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Being a Sunday, I did not have many options – even if I did shop on Sundays, nothing was open.  I don’t want to actually hurt him (although a punch in his saucy little nibbler would be quite satisfying, I imagine…).  I had a 50 foot roll of chicken wire that we had purchased last year in a well meaning moment to construct a rabbit fence but never got around to it.  I also had some bamboo and plastic stakes and a few tent pegs.  Inadequate, at best, but better than nothing!


I managed to get the stakes in and the chicken wire rigged up along the back of the garden where the worst of the damage was done, though I will definitely have to do a better job and find some more fencing for the sides of the garden. It is really tough to maneuver chicken wire and stakes in the rain by yourself.  I threw some extra netting over the last of the broccoli and cauliflower with a little prayer.  Hopefully it will deter Mr Nibbler for a few days until I find a chance to do a better job. I wonder if I can electrify it with the electric fence charger?!  Sigh…..


Thankfully, I have Strawberry shortcake to make it all better, at least for tonight!


“You’ve only got 3 choices, give up, give in or give it all you got!” ~ Mumsjugglingact,com

Picked and Planted – 6 July to 14 July

This week we picked:

Sugar Snap and Oregon Giant Snow peas – over 6 litres of them!!


Baby Beets and Market Express Turnip

Red and Spanish Onion

Early broccoli (it started to bolt before the heads got big so we ate it anyways!)

Garlic Scapes


Kale, Swiss Chard, Lettuce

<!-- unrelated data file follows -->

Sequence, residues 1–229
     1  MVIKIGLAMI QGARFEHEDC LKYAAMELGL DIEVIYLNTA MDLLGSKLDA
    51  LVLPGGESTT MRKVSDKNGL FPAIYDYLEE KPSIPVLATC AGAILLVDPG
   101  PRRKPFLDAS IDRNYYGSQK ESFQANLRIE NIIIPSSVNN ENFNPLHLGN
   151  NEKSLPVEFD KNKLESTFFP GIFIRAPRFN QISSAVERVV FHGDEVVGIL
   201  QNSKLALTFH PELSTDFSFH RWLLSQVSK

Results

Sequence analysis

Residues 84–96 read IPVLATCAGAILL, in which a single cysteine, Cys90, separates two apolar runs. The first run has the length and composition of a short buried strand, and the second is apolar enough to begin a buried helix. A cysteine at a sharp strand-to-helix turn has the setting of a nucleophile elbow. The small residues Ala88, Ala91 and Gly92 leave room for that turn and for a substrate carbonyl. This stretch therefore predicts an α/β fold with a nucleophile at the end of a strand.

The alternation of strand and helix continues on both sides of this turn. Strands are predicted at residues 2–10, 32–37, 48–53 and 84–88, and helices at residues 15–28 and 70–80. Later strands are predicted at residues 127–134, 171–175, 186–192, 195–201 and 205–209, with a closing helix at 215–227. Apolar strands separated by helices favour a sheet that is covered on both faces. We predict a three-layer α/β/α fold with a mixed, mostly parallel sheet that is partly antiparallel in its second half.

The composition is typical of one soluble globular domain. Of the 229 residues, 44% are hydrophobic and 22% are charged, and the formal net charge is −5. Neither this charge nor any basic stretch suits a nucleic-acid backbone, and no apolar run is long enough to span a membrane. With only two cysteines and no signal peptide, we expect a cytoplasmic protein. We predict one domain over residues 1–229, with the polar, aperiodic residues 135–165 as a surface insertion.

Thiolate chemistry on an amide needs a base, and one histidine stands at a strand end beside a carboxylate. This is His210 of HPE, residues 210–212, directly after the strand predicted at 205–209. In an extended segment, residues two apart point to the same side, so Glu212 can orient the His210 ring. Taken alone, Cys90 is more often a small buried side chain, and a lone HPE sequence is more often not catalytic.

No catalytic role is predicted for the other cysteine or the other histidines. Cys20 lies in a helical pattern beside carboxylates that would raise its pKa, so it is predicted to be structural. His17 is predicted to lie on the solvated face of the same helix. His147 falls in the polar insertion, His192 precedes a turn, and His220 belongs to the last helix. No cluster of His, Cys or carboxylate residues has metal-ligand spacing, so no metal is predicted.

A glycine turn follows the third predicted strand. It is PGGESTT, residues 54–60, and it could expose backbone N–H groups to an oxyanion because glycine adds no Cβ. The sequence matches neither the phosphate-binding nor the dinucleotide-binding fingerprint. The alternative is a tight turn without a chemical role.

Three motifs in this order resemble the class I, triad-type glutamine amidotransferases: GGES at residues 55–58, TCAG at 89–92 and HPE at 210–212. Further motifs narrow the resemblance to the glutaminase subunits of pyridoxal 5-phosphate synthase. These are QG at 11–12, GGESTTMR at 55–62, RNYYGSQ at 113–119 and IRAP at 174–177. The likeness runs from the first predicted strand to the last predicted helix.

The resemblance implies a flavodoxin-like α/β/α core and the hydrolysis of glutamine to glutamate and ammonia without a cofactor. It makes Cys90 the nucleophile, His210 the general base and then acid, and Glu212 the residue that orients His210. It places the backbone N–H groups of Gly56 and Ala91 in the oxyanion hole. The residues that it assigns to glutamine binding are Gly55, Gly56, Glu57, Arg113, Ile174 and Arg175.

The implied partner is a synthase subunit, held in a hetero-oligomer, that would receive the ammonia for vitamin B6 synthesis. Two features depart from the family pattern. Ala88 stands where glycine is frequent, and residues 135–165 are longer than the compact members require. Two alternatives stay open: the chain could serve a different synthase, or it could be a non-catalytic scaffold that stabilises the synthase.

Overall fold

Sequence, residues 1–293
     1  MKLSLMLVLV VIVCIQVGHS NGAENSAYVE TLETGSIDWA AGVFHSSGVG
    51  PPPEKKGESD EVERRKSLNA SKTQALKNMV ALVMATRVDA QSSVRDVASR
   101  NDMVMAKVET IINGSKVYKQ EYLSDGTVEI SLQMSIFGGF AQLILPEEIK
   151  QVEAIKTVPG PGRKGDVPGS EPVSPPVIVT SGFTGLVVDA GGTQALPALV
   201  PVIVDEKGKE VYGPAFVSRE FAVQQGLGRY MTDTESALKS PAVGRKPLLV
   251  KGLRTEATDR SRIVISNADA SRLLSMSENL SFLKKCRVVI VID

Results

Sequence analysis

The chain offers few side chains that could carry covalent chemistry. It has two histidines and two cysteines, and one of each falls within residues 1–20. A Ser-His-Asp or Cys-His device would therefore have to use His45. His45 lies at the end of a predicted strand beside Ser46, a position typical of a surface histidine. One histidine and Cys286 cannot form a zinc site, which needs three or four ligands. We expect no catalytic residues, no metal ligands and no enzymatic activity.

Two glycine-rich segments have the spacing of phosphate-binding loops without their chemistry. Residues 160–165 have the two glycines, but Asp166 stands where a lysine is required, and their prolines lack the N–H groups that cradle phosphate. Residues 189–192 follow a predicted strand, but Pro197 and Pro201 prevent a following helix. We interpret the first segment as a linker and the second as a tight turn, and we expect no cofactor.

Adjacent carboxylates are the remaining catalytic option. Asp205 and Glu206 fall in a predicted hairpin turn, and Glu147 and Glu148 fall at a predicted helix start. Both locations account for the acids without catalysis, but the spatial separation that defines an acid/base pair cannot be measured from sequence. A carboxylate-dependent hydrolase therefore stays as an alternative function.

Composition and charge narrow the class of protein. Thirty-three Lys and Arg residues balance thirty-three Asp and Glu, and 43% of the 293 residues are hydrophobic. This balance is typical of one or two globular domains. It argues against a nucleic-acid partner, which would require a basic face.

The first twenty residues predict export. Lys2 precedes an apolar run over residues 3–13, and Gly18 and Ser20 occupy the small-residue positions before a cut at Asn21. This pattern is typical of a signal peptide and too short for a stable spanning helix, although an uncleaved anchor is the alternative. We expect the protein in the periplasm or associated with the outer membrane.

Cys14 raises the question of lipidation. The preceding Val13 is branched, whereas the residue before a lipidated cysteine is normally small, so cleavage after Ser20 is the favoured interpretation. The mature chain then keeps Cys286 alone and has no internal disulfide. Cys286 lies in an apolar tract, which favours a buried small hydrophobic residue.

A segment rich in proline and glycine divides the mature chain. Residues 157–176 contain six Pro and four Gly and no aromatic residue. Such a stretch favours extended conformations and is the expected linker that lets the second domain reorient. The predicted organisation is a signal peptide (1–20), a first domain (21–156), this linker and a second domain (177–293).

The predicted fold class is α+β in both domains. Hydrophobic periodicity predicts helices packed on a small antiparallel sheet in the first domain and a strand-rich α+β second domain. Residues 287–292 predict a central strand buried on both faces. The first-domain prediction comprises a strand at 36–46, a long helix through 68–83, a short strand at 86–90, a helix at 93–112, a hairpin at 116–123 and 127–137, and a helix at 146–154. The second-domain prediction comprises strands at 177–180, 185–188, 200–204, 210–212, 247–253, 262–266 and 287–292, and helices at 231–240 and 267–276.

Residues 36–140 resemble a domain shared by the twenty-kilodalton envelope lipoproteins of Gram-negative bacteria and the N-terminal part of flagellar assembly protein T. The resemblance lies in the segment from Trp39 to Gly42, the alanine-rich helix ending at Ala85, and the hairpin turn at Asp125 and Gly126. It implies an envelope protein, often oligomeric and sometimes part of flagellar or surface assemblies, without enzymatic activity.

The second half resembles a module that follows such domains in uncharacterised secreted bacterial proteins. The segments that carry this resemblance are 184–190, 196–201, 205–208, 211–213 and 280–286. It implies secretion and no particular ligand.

Herbs – Chives, Sage, Thyme, Oregano, Parsley, Basil, Mint


We picked the last of the Strawberries and Haskaps (single tear…they will be missed!)

We also tried some edible flowers – the Lavender is wonderful as a tea, the nasturtium was not a taste I enjoyed and I am still not sure about Calundula petals…..

Approx savings compared to local market: $98.35 (Total $435.25 since 26 May)

Total weight picked this week: 15.11 pounds (Total since 26 May – 79.42 pounds, which is more than my wee girl weighs!)

This week we planted:

A few extra Marketmore 76 cucumbers to fill some gaps

Replanted Laurentian Turnip for the fall because the pheasants ate all of the seedlings….

From our garden to yours, have a great week!


“It might take a year, it might take a day, but what is meant to be will always find it’s way” ~Unknown

Day Maker – July 11th

We had a photo shoot this weekend!  Yes, a real, live, garden photo shoot with real, live professional photographers, Riley Smith and Meghan Whiten!  The girls and I got to dress up in our best gardening clothes, don our floppy hats, pick some veggies and strike a pose…or 20…!  The girls thought it was amazing, especially getting to meet 2 lovely people who make a living from taking pictures.  My oldest had a lot of questions and my wee girl, well, she showed up with flowers in her hair and a whole lot of sass (the good kind!) What a ham she is.

Why? Well, Money Sense magazine is doing an article featuring our backyard veggie garden after they saw our little blog posts “Picked and Planted” later this summer (thanks to Niki Jabbour for telling them about us!!).  They were quite interested in how much could be saved in produce bills by growing our own veggies and getting our children involved in the process. I have to say that I am truly amazed at the interest people have shown in the garden and our blog, it is quite the adventure we have had so far!  We are certainly never going to be rich from giving free interviews but the experiences the girls are having truly are priceless (and how cool will it be when the magazine arrives in the mail with their picture on it – I dare say it may be the best “What I did this summer story” EVER!!)